Andy Warhol: Brillo Box, by Arthur Danto

01/01/1993View on timeline


The relationship to the images is largely determined by their function and status. Pop art radicalized such connections in the making of the aesthetic relation. Danto described its challenge as being that of “indiscernible counterparts that may have radically distinct ontological affiliations” and asked, “Why is Brillo Box art when the Brillo cartons in the warehouse are merely soap-pad containers?” (Danto 1981, 4; Danto 1993).


Danto's point was [...] that telling artworks from other things requires that they be constituted as “artistic” in virtue of theories and that it is therefore these theories that make “art” possible (Danto 1964). After all, there is no evidence that the painters of Lascaux or their contemporaries believed that they were making art, yet there now is such a thing as prehistoric art; [...]

Cave paintings in Lascaux: did the painters think they were doing art as they painted these animals?...

Image source

[...] before the German psychiatrist Hans Prinzhorn and among others the artists Paul Klee and Wassily Kandinsky in the early twentieth century, the drawings, paintings, and sculptures of the mentally ill, of children, and of indigenous peoples were not “art.”

Hans Prinzhorn: Curating the Art of Mental Illness

Cover of the book "Artistry of the Mentally Ill" by Hans Prinzhorn. Found at Google Books.

Artistry of the Mentally Ill on Google Books

Die Dorfverrückte (1920), or The Village Madwoman, by Paul Klee.

Source of the image

A drawing by Wassily Kandinski.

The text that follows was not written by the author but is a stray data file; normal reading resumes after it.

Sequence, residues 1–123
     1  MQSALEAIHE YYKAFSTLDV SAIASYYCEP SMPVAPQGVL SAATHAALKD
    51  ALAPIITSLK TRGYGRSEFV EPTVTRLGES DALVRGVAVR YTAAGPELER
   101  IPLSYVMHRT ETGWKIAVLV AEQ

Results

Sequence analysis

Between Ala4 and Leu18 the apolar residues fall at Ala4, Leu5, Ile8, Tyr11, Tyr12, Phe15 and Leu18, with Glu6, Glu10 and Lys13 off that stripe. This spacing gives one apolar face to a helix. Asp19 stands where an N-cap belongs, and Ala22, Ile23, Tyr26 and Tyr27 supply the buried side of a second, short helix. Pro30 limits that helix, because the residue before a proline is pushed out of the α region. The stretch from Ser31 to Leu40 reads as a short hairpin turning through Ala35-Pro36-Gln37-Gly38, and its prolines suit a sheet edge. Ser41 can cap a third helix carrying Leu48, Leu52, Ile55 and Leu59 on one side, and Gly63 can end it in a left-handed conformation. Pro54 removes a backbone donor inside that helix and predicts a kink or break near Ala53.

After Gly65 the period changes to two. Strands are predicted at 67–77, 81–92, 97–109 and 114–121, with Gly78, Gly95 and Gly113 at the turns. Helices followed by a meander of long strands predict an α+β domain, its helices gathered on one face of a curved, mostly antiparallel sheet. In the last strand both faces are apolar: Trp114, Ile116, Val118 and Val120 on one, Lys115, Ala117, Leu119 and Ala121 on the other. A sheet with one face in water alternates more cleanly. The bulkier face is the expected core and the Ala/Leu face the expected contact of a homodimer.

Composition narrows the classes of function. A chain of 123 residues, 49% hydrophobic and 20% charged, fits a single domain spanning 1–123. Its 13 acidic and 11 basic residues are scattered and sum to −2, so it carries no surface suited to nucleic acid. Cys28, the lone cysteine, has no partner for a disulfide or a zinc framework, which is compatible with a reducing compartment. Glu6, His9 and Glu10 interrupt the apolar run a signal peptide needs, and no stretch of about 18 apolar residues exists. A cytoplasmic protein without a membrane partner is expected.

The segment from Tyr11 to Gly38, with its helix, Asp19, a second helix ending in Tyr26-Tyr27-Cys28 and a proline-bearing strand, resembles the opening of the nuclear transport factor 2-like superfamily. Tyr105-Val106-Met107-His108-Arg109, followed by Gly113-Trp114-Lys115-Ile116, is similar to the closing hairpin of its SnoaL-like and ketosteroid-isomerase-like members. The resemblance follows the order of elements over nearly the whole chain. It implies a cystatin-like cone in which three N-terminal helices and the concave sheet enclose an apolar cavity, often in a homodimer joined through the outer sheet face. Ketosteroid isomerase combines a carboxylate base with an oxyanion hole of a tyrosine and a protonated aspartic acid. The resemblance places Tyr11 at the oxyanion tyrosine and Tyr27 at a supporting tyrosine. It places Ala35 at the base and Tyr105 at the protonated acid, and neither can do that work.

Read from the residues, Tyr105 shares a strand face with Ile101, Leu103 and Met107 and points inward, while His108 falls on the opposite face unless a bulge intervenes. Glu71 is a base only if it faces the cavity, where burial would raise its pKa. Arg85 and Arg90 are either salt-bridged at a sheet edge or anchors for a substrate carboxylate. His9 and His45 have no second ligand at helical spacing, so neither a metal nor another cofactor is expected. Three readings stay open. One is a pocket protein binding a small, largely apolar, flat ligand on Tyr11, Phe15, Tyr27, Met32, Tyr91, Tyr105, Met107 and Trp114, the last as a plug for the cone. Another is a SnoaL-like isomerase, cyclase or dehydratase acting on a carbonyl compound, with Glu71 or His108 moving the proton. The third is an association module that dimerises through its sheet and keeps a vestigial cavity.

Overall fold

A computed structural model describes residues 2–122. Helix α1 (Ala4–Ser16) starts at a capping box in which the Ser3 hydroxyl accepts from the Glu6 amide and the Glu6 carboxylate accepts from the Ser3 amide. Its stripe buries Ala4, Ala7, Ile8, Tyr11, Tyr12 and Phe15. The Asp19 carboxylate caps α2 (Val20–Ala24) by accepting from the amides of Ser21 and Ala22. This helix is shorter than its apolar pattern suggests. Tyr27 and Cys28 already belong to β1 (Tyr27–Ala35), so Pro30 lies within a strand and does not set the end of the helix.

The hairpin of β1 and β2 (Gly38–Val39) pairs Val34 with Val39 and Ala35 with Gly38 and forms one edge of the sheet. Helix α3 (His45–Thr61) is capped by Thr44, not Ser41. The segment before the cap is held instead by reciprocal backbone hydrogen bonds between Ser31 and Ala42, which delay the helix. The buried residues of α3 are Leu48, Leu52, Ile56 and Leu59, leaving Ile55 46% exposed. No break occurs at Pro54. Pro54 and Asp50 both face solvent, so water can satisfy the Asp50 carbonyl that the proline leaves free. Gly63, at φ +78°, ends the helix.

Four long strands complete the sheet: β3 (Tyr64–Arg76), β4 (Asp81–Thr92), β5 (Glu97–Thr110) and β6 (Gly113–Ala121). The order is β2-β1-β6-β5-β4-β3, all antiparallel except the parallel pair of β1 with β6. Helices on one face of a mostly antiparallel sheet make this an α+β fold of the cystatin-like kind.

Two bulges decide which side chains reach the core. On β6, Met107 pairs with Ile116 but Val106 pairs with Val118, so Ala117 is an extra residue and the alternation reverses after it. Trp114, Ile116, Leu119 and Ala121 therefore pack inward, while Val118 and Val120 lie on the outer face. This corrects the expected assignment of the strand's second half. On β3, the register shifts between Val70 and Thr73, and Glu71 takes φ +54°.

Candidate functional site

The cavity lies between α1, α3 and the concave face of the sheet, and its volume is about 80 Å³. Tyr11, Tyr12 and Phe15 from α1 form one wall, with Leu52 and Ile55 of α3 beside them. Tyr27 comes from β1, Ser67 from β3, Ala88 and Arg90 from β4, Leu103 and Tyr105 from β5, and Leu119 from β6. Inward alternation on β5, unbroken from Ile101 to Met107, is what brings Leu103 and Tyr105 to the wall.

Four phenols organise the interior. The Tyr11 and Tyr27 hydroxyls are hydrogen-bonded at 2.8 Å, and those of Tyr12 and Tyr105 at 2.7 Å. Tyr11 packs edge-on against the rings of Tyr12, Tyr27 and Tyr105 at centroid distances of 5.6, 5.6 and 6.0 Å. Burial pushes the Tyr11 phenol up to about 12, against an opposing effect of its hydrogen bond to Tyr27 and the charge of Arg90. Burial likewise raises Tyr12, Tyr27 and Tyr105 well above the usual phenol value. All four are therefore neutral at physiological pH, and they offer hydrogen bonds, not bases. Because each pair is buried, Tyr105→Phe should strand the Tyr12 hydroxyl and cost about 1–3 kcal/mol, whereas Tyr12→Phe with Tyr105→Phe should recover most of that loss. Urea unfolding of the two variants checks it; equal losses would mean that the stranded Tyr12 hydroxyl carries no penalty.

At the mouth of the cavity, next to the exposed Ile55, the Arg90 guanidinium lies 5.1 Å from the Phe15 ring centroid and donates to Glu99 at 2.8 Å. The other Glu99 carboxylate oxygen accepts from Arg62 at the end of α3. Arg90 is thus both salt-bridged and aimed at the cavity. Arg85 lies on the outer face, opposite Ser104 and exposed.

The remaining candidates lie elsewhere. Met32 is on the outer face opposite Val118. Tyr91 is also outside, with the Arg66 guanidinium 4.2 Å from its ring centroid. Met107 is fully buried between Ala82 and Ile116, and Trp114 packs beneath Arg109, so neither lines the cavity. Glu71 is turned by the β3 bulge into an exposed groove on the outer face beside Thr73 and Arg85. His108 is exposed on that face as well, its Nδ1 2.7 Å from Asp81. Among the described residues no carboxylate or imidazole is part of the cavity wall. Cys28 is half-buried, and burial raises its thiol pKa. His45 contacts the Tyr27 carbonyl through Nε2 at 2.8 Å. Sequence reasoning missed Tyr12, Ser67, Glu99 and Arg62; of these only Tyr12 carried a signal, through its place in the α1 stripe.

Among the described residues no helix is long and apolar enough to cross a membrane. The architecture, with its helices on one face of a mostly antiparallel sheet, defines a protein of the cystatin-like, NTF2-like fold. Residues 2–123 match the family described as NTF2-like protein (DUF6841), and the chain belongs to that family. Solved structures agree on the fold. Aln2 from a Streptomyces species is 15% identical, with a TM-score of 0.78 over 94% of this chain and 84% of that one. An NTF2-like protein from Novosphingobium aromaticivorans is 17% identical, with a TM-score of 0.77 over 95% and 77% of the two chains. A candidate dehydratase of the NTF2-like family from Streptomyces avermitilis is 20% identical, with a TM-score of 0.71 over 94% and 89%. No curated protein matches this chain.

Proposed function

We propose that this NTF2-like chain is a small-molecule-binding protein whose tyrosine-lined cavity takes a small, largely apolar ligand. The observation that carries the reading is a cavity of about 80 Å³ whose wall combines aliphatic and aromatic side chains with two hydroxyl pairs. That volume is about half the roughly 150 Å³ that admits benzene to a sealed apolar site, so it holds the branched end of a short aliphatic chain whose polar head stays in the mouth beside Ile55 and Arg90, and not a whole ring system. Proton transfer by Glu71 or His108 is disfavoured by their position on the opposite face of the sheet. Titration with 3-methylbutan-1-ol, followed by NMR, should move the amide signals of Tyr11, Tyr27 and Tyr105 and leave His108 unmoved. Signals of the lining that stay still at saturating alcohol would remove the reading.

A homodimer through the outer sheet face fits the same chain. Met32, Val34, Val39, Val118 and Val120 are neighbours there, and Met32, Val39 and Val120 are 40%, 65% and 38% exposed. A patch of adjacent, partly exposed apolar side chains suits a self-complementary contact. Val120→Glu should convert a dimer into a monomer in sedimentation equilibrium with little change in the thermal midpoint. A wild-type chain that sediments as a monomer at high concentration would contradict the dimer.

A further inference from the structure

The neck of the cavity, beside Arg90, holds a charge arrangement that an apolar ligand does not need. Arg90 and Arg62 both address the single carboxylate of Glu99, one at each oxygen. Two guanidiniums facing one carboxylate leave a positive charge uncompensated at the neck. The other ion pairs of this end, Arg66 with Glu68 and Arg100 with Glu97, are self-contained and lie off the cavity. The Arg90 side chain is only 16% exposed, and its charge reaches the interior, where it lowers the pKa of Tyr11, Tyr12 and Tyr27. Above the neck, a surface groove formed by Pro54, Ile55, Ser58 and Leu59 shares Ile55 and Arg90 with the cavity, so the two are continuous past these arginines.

Source of the image

During the scandal that followed Australian aborigines’ painting over ancient “rock art,” a Ngarinyin leader declared, “Some told me recently that ‘rock art is dead.’ If ‘Art’ was dead, that would not matter to we Aborigines. We have never thought of our rock-paintings as ‘Art.’ To us they are images” (Mowaljarlai et al. 1988, 691).

Mowaljarlai, David, Patricia Vinnicombe, Graeme K. Ward, and Christopher Chippindale. 1988. “Repaint...

There might be, as he acknowledged, an aesthetic innate sense, yet responses will differ depending on how objects are classed, and the differences will be “as deep as those between bodily movements and actions, between a person and a zombie, between a divinity and an idol” (Danto 1981, 100). In short, if the aesthetic response to artworks involves processes that response to non-art things does not, then the processes involved in reacting to non-art cannot be what defines art or aesthetic response (see also Danto 1997, chap. 5). This is so much so that preclassification of artworks (for example, as fakes or originals, Leder 2001) actually affects people’s preferences.


Neuroaesthetics holds the diametrically opposite assumption, namely that the ultimate grounds for our response to objects lies in object properties to which our brains automatically respond by virtue of their basic physiology. All the rest comes as a supplement.

On the interviews below, Arthur Danto exposes his thoughts on art:

Vidal, Fernando and Ortega, Francisco. Being Brains: Making the Cerebral Subject (Forms of Living)....

Brillo Box and so forth: an interview with Arthur Danto
Irene Caesar asks Arthur Danto about the end of art

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Published in 18/01/2019

Updated in 19/02/2021

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